Tuesday, 13 November 2012

Formate; Windows Language for non-Unicode programs

[Formate]  Until formate v2.15.6 Formate's working pages files used a single character to identify where one item ends and the next starts. It does this by placing a special separator character between the items, which has to be a character that won’t appear within the items themselves or it would be mistakenly seen as a separator. This meant that an unusual character had to be chosen.

The chosen character has worked well for quite some time, but It has now been found that if the “Language for non-Unicode programs” option in the operating system’s regional settings is set to something other than UK English (e.g. Polish), the special character is automatically converted into a different character by Windows when it’s written to the “.tfp” file, presumably in an attempt to make it fit into the character set for the selected language. Unfortunately, this means that when the file is loaded in order to display or print the contents, the separator characters aren’t recognised and the file appears to be corrupt. This often results in a “DisplayPage” error, usually a “Type Mismatch”.

The “Use Extended TFP Separator” checkbox has been added to resolve this issue. When it’s not ticked, the original single character separator is used and Formate works exactly as it previously did. When it is ticked, however, a new multi-character separator string is used which contains characters that are likely to be available in most languages and so will generally not be converted into something else by Windows. It’s because common characters are used that the new separator has to be multi-character so that it can be a combination of characters which is extremely unlikely to appear in the data; if it were a single character as before but the character was a common one such as say an exclamantion mark, the first time a Form Type produced text containing an exclamation mark it would cause an error.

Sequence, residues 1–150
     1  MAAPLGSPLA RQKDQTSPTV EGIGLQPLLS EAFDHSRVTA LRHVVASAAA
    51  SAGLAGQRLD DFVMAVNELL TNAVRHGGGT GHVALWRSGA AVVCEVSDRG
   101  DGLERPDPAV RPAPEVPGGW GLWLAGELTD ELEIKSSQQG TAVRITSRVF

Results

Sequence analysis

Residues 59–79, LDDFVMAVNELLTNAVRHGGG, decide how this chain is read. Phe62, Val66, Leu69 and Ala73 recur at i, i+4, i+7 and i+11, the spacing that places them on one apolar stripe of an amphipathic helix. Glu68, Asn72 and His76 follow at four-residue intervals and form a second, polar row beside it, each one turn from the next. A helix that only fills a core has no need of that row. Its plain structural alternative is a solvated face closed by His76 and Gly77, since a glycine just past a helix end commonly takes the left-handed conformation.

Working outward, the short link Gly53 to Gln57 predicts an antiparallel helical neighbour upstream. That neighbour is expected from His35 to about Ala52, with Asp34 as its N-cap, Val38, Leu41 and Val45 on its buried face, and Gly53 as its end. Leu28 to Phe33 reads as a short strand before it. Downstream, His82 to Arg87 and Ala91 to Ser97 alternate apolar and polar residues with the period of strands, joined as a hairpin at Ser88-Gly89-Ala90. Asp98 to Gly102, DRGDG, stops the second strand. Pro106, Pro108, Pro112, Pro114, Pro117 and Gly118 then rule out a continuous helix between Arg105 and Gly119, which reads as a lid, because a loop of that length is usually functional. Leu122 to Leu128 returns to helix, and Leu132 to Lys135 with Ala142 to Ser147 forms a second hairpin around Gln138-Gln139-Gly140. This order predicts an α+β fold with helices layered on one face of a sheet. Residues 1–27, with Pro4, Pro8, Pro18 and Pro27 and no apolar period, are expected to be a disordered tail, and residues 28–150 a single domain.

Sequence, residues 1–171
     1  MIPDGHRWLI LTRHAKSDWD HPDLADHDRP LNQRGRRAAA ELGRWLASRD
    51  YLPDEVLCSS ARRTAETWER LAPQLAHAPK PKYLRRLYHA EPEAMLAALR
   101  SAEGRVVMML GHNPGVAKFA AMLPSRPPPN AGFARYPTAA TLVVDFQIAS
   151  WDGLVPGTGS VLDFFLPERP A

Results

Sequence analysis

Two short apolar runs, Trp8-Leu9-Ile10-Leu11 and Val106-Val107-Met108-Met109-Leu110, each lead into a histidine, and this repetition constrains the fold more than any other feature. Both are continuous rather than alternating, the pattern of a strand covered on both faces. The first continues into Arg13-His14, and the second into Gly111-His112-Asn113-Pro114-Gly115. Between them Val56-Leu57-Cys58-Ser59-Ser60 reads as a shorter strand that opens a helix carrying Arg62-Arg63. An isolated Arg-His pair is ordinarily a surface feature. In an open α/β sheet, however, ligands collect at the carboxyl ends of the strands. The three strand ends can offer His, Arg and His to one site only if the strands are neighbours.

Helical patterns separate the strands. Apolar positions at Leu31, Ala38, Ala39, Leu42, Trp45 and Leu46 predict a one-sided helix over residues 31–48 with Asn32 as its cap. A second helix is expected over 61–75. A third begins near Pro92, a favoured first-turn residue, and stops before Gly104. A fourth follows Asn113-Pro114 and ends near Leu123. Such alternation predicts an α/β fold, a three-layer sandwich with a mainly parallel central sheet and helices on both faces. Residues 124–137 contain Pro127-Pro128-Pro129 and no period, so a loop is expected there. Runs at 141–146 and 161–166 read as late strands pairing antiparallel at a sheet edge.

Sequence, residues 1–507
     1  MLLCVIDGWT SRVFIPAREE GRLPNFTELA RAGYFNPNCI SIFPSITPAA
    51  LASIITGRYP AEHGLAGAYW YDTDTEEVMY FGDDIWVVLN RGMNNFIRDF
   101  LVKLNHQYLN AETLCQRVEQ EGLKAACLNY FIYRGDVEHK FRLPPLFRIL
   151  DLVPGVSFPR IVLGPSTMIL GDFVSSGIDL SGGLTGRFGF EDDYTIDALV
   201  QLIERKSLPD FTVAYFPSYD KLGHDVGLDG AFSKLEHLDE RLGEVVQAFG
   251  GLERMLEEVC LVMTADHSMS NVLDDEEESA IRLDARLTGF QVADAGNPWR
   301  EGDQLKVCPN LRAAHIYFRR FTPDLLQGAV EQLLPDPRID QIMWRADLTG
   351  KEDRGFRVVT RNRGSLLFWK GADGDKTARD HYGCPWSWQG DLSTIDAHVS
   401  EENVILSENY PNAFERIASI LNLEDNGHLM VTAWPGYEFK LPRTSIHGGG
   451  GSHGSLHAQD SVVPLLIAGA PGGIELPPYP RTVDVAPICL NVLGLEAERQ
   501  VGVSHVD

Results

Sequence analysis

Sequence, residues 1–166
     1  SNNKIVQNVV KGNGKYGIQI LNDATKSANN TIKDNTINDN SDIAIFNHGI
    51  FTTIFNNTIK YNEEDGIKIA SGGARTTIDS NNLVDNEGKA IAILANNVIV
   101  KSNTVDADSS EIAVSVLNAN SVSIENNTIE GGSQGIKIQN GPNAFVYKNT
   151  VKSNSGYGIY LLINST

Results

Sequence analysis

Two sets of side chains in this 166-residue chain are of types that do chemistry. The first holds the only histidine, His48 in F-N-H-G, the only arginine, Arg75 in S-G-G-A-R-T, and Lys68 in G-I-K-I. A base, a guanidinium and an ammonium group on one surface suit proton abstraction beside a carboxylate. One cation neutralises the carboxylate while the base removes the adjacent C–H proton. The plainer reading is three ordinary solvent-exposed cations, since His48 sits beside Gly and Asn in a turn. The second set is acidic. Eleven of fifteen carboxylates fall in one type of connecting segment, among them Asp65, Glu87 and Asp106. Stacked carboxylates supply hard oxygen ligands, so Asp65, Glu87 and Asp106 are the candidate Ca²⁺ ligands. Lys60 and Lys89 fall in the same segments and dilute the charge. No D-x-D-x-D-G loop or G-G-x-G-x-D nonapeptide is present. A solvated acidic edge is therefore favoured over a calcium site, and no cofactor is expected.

This leads to the disadvantage of using the new multi-character separator, which is that the “.tfp” files will be slightly larger and take slighty longer to read and write. In practice this probably won’t make a noticeable difference, but it does mean that the recommended approach is to always use the old separator (i.e. with the checkbox not ticked) so that the best performance is achieved, and this will work on the majority of systems, even in many cases where a non-UK-English language is selected for non-Unicode programs. The checkbox should only be ticked if problems arise which you find are cured by ticking it.

  (extracted from formate help)